DML 1/35 Sd.Kfz.234/4 Panzerspaehwagen Kit First Look
By Cookie Sewell
|Date of Review||March 2006||Manufacturer||DML|
|Kit Number||6221||Primary Media||536 parts (497 in grey styrene, 28 etched brass, 6 in clear styrene, 4 turned brass, 1 turned aluminum)|
|Pros||New, complete kit of this popular vehicle; complex driveline appears to be fully replicated||Cons||Side bins and lower hull access doors molded in closed positions; engine bay will be difficult to open up; some large ejection pin marks in the base of the hull interior|
|Skill Level||Basic||MSRP (USD)||$38.00|
The four major combat powers in WWII Europe - Germany, the USSR, Great Britain, and the United States – all made use of heavy armored cars during the course of the war. But whereas the Allies tended to use theirs primarily in simple scouting roles, the Germans also used their later models for heavy fire support as well, and provided many of them with the ability to deal with enemy armor.
The Germans continued their prewar designs throughout the war, and the Sd.Kfz.231 heavy eight-wheeled armored car series was replaced by the Sd.Kfz.234 series beginning in September 1943. Four different vehicles were produced in this series:
- Sd.Kfz.234/1 (Geraet 95): 200 built 2 cm cannon/7.92mm MG in open turret (built Jun 44 - Jan 45)
- Sd.Kfz.234/2 (Geraet 93): 101 built 5 cm gun/7.92mm MG in closed turret (also called the Puma) (built Sep 43 - Sep 44)
- Sd.Kfz.234/3 (Geraet 94): 88 built 7.5 cm L/24 in open mount (built Jun 44 - Dec 44)
- Sd.Kfz.234/4 (Geraet 96): 89 built 7.5 cm Pak 40 in open mount (built Dec 44 - Mar 45)
The first one to see service was the Puma, as it entered production nine months ahead of the other models. It was followed by the "stroke 1" and later the "stroke 3" and finally the "stroke 4." The latter was purely a heavy tank destroyer version, as by that time the Germans needed all of the heavy (75mm and up) antitank guns they could muster. Both the 3 and 4 were similar, with the exception of the heavier gun in the 4, and used the standard hull but with no turret and modified decking. A fifth version was planned, mounting the 7.5 cm AK 7B84 in a turret similar to the Puma, but the war ended before it could enter production.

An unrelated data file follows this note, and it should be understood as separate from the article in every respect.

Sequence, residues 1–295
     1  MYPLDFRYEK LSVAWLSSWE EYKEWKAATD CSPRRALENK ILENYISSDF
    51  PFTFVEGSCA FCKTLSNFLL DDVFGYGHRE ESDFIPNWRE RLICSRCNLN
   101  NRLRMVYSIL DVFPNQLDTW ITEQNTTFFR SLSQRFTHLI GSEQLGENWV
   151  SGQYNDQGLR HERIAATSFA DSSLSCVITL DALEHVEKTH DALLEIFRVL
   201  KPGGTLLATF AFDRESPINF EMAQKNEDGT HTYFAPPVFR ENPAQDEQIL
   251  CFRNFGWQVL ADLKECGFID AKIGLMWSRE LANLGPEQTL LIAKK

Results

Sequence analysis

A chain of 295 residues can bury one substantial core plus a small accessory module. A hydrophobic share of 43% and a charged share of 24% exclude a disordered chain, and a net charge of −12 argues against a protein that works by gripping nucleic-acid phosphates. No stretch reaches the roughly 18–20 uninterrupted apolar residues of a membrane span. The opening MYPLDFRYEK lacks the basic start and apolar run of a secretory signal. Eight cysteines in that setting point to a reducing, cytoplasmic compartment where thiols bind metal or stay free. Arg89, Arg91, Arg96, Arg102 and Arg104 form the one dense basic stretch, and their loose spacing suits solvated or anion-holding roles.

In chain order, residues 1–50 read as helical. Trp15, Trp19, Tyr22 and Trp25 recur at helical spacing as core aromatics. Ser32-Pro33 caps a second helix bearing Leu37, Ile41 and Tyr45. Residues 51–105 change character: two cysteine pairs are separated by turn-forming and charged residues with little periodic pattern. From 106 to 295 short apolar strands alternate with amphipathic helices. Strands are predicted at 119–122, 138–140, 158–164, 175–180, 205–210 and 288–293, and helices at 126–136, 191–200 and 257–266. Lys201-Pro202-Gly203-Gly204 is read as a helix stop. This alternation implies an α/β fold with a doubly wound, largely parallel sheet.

The 234 series was fast (80 kph/48 mph) and had a long range (900 km/560 miles). Armor provided proof against small arms of 7.62mm caliber and shell fragments. Since its Tatra 103 engine was a 12-cylinder air-cooled diesel, it had a major advantage over other nations' armored cars.
DML has now started on the 234 family, and their first release is the "stroke 4" with the top half of DML's very nicely done PaK 40 included. 77 parts from this kit are included in the new package. Also, some new "standard" DML sprues are added here as well: German Tools sprues TF (fender guides and poles), TG (shovels and fire extinguishers), TH (jack and light kits) and TJ (jack).
Note that due to the fact the parts are to be used for all four vehicles through the run of these kits you have to check and open up some assembly and mounting holes before beginning construction, but as they are during the construction of the vehicle you have to look close in the somewhat busy directions.
The undercarriage of this model is amazing in the complexity with which DML has replicated it, and each suspension unit seems to require no less than five parts for each wheel (note that a choice in centers to replicate different numbers of cleanout holes is provided), 11 parts for each paired set of axles, and five parts for the tie rods plus six parts for the rocker springs. And I have to think that Airfix did it 40 years ago with only 28 parts for the entire assembly in 1/76!
The interior is provided and appears quite complete, but it is a shame that the hull side doors are molded shut as once the gun goes in it will be hard to see all of the details. Both driver's positions are provided as well as the top of the transfer case/transmission and the ammo bins with covers. Internal bracing is provided along with clear styrene blocks for the vision ports.
There are optional choices for the vents at the rear – open or closed – as well as for the view blocks.
The fenders are one style used on these vehicles with only two stowage bins between the wheel pairs, and alas they are also molded in place. These appear to be correct for the "stroke 4" but DML has also included a flyer for a cybe-hobby.com upgrade set with the earlier fender sets (four bins) and additional etched brass parts. The etched brass provided covers mostly the inserts for the "jerry" can centers (the crimped seam on the actual cans), tool mounts, and the moving part of the Pak 40's gun shield.
The wheels are two-part moldings with only light tread patterns, but as they are hard plastic many people will be happy as there is no hard-to-remove vinyl seam.
Markings are provided on two decal sheets for two different vehicles, both from unidentified units with one on the Western Front and the other in Prague in 1945. Both use the late-war red-brown/Panzerbraun/green scheme.
Overall this is a nice kit and seems to be a totally independent effort, not piggybacked off the Italeri kits. The other three 234s will follow over the course of the next year or so.
Thanks to DML for the review sample.